From an IAS Officer's perspective
Sanskriti Jain is presently a Sub-Divisional Magistrate in Rewa, Madhya Pradesh. In the conversation below, she shares her experience of working as an IAS officer and offers some rare insights from the field.
What motivated you to look at a career in bureaucracy?
I was not exclusively thinking about joining the bureaucracy in the beginning, but my experiences in policy making made me realise that this was a very good way to connect to people and serve the country. Being an IAS officer is a coveted and difficult job. When one is going in for the exam, we have lofty ideas of the transformative impact we are going to have. What is to be remembered after is that the power and position that we hold has a consequence; even a small decision creates a big impact.
The chance to shoulder this responsibility drove me to give the exam. I am now accountable for a Sub-Division. I take care of issues as diverse as land administration, implementation of education schemes, and how the governance structure is performing. The range of job requirements and a chance to serve the country is what I now look forward to.
What is a major governance challenge you have encountered?
Governance depends a lot on the society that one is part of. Understanding what stakeholders- the people, people’s representatives, business interests, different arms of the government - want is critical. The main challenge here is complexity because of the stakeholders involved and how participative they are. For instance, in India, this is why some states are doing well, while others are not. Local governance bodies such as Panchayats depend on the participative spirit and which shows how they function at the grassroots level.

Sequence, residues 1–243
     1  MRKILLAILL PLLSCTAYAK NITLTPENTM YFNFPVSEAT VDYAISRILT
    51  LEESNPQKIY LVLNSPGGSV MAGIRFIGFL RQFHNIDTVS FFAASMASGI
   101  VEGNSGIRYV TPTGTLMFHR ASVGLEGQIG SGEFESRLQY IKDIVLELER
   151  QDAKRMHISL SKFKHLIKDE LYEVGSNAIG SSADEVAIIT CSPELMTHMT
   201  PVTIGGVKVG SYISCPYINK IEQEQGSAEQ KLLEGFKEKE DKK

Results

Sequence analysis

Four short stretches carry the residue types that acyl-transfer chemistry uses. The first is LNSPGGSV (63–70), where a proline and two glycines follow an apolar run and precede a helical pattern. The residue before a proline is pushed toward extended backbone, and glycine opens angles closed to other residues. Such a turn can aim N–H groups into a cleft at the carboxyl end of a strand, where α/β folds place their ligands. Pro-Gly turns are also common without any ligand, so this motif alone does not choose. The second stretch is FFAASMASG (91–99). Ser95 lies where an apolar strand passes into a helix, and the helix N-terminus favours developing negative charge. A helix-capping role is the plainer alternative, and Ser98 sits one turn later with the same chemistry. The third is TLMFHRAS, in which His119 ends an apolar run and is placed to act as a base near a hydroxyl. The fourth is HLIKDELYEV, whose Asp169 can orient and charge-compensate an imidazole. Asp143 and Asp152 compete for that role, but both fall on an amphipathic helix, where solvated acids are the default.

Since a one-shoe-fits-all approach does not also fit governance, in my experience, governance in India depends on the person responsible for implementation. This is how you see transformation through policies. The motivations of the person is key. At the micro-level, the person is part of a system which administers many major schemes and more sub-schemes. Connecting different people and bridging gaps on what they want (much like a manager’s role) is what this role demands.
Do you see your department changing to development needs?
I’ll quote a senior officer who once told me this - if you were to imagine a small wheel and a big wheel, then the big wheel moving faster than the small one can derail the entire system. It seems from the outside that the administrative structure is not addressing needs, but the actual situation for officers like me is more complicated. At my level, the bureaucracy is changing. We are using new technologies such as WhatsApp groups for instantaneous communication on administrative needs. We have weekly monitoring sessions and targets to achieve. Yet, if we try to do too much in a short span of time, the society will go off the rails. There are factors involved in governance other than the administrative system.
For example, there was a huge fire in fields around some villages. We had informed people to seek safe ground. We still couldn't prevent 3 young children from dying, not because of the fire but because upper castes did not accept them for safety. These social dynamics also determine how much the government system can push for change both within the system and in the society it is operating in.
Can you share a memory that has touched you in your career as a bureaucrat?
As a trainee IAS officer I was entrusted with the Ujwala Yojana which provides cooking gas to households. I remember talking to one woman, an Anganwadi cook, who wanted to use wood. She had doubts that the cylinder would burst and was fearful of using it. This was an interesting experience because we had to convince her to use the gas cylinder and that it was safe. We ultimately made available over 64,000 cylinders across the districts!
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